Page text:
Aaron Moncur 52:38
Well, yes, more so before COVID then currently, but one fun thing that we did. It was a an annual event that the company sponsored was, there’s something called a flow writer. Have you ever heard of a flow writer?
Nate Post 52:55
I think is that where it simulates like a wave for surfing?
Aaron Moncur 52:59
Yes, yes, exactly. So Pipeline, the name of the company comes from one of the most famous surfing beaches in the world Bonsai Pipeline, on the North Shore of Oahu, I grew up. And so I grew up surfing and bodyboarding. And the pipeline is just a throwback to my days in the ocean in Hawaii. So when I learned about this flow rider thing, and turns out, they have one just down the road here locally, I started renting it out for a few hours in during the summer, and the whole team would get together, we’d go to the flow rider and spend a few hours eating delicious food and jumping on the flow writer and it was just so much fun. I’m very much looking forward to the day when we can start doing that again, hopefully, maybe even this summer of vaccinations get distributed quickly enough.
Nate Post 53:49
Yeah, that’d be awesome. Yeah, I’m looking forward to even just a small weekend trip with my family, and absolutely. And the company events, they’re always amazing. Being able to connect with people and just relax, talk about work, but maybe not really talk about work and just get to know each other more on a personal level and stuff.
Aaron Moncur 54:08
Yep. 100%. Yeah.
Nate Post 54:10
Aaron Moncur 54:12
Thank you for asking me a few questions. That was fun, I guess. Talk about myself a little bit.
Nate Post 54:18
Well, Nate. Yeah. So I suggest we do this again. But we flip the script where I get to interview you and give give the audience a chance to get to know you a little bit better. Maybe people are finding Pipeline for the first time. They want to get to know, Aaron, that we could do a little Q&A with Aaron.
Aaron Moncur 54:33
I’m all for it. We need to schedule that.
Nate Post 54:35
All right. Yeah. You’re pretty busy guy. So it might be a month or two or three out but…
Aaron Moncur 54:41
Oh, and you your yourself as well, with all of your handmade cutlery grinding going on?
Nate Post 54:45
Yeah, yeah, definitely. And then you got a family and got growing kids, and they all have different hobbies and interests. So yeah, thanks for having me today. I really appreciate it.
Aaron Moncur 54:56
Absolutely. Yeah. Nate, thank you so much. I really appreciate you hanging out with us today.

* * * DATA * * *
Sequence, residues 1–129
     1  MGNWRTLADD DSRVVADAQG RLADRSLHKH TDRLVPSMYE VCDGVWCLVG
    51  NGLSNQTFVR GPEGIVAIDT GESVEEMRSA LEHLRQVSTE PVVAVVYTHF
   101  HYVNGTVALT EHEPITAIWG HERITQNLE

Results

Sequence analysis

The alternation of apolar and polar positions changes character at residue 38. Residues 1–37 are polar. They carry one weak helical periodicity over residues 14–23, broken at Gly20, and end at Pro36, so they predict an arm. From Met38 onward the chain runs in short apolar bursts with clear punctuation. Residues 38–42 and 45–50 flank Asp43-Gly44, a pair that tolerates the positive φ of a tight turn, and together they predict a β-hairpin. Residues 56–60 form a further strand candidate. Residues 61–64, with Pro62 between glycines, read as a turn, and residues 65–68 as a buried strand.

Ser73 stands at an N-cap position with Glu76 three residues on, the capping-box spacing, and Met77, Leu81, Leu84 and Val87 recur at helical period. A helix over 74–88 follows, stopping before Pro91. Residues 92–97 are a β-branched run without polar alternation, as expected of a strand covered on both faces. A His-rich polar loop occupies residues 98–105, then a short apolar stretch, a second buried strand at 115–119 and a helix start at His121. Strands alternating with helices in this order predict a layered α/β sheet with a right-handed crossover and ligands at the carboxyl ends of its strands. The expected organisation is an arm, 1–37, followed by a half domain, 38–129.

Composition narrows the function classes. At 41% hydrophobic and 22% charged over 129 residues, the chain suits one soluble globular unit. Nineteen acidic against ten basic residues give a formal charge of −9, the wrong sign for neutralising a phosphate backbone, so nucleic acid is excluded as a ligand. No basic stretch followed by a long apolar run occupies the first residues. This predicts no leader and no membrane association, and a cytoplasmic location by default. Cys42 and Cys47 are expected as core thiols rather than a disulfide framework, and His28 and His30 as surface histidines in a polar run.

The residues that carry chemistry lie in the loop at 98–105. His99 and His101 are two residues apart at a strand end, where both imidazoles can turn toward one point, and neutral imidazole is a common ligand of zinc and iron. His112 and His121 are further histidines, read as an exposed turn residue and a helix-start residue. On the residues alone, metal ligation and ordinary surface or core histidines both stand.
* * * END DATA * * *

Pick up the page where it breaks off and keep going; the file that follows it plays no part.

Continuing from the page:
Nate Post 55:01
Yeah, hey, before I go if you don’t mind the cheap plug…
Aaron Moncur 55:05
Nate Post 55:06
Plug away. So if people are ever interested in handmade kitchen cutlery, go on over to Instagram and search for Blue Collar Blades built by the working class for the working class. And I would like to boast that I trademarked the name, just this last year my grandmother passed away, not due to COVID but it was during the pandemic so I didn’t feel comfortable traveling out so on the day she passed away, I went and submitted for a trademark application and memory of her and went through the whole process without a lawyer I self represented myself and went through that whole process and, and earn trademark just for the name as well as for the logo, the way we brand every knife. So head on over there and check it out. And then if you know professional connections, I’m always open to don’t don’t come to me on LinkedIn and trying to sell me a new widget or gadget. We’re good. We’ll find you if we need it. But if you want to you want a professional connection like you’re someone like Aaron, I’d love to get to know you. It’s Nate Post on LinkedIn, feel free to look me up. I’d love to get to know you.
Aaron Moncur 56:11
Awesome. Blue Collar Blades, Nate Post. Thank you so much, man. Appreciate it.
Nate Post 56:15
Yeah, I’m looking forward to interviewing you. I’m not gonna let you off the hook for that one either.
Aaron Moncur 56:18
All right. All right. We’ll schedule that for sure.
Nate Post 56:21
All right, man. Talk to you soon.
Aaron Moncur 56:22
I’m Aaron Moncur, founder of Pipeline Design, and Engineering. If you liked what you heard today, please share the episode. To learn how your team can leverage our team’s expertise developing turnkey equipment, custom fixtures and automated machines and with product design, visit us at teampipeline.us. Thanks for listening.